Guest Column: Modern Salespeople Must Be Agile
I believe that the most important skill a seller can have is flexibility. There is an old saying: to the man who only has a hammer, everything looks like a nail. We must choose the right tool at the right time depending on the signals the buyer is sending.
Even within one account, with several planners and buyers involved, there may be a dozen different preferences. Some agency people want to receive everything via email. Most only want to hear from the salespeople when something occurs that is related to a current buy. Some buyers want short phone contact. Others want annual in-person presentations. Many rely on social media to varying degrees.
Most client ad managers let their agencies screen out unwanted sales approaches, and some of them may still be open to personal calls or even entertainment from time to time, especially with salespeople who do a lot of business with them. Sometimes even golf, or sailing, or tennis, or dinner still might be called for. You just never know.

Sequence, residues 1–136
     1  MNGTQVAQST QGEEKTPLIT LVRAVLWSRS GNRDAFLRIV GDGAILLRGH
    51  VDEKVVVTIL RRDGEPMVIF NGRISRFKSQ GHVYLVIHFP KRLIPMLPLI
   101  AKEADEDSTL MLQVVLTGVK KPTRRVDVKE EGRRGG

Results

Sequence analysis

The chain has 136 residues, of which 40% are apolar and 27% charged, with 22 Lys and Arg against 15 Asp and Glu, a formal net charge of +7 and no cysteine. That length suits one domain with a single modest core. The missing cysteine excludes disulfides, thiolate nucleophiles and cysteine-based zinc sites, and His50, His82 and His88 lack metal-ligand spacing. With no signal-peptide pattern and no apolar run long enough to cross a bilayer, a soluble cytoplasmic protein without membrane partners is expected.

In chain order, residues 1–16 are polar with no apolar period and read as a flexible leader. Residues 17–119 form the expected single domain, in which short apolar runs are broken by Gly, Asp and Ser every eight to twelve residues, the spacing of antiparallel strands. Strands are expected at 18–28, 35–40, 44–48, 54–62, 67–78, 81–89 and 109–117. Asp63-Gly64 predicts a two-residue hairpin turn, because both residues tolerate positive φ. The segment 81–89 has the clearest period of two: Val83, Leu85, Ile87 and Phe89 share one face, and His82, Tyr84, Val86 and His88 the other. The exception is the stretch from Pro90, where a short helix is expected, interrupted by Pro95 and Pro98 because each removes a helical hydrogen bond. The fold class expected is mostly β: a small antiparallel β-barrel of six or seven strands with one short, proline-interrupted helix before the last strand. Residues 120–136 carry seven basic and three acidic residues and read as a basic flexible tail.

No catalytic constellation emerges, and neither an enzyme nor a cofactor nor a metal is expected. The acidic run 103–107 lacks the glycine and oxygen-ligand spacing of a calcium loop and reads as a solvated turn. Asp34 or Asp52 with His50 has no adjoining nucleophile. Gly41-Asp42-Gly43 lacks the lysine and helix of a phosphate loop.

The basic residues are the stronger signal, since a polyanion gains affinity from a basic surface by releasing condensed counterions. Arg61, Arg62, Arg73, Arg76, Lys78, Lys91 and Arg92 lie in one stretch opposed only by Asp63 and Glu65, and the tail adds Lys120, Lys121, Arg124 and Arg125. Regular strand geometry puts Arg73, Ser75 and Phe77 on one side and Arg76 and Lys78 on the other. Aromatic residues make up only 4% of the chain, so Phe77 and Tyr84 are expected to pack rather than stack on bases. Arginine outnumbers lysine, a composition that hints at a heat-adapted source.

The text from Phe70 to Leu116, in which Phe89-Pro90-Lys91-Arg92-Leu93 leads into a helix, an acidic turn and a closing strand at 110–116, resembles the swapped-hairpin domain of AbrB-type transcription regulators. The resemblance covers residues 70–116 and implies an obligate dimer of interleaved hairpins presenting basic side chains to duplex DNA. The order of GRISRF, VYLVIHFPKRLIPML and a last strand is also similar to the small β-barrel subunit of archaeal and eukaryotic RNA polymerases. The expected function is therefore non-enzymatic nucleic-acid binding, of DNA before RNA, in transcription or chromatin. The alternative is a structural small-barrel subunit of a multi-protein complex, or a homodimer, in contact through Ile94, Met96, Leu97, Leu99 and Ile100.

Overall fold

Whenever possible, we try to get our salespeople face-to-face with buyers, not only because that is the most productive way to make a strong impression, but also because that's by far the best way to pick up information about their preferences and their current state of mind. That is why we still maintain offices in the major advertising centers.
Sellers should embrace a philosophy of selling to advertisers the way they want to be sold. I realize this sounds very simplistic—but as a former buyer, and a manager of many ad sellers over the years, it isn't. Not every seller is equipped to do this.
The need for versatility has complicated the recruiting process. Not many years ago, it was fairly easy to pick highly successful ad salespeople for major magazines out of a crowded agency lobby. All you had to look for were the well-turned-out people with great social skills.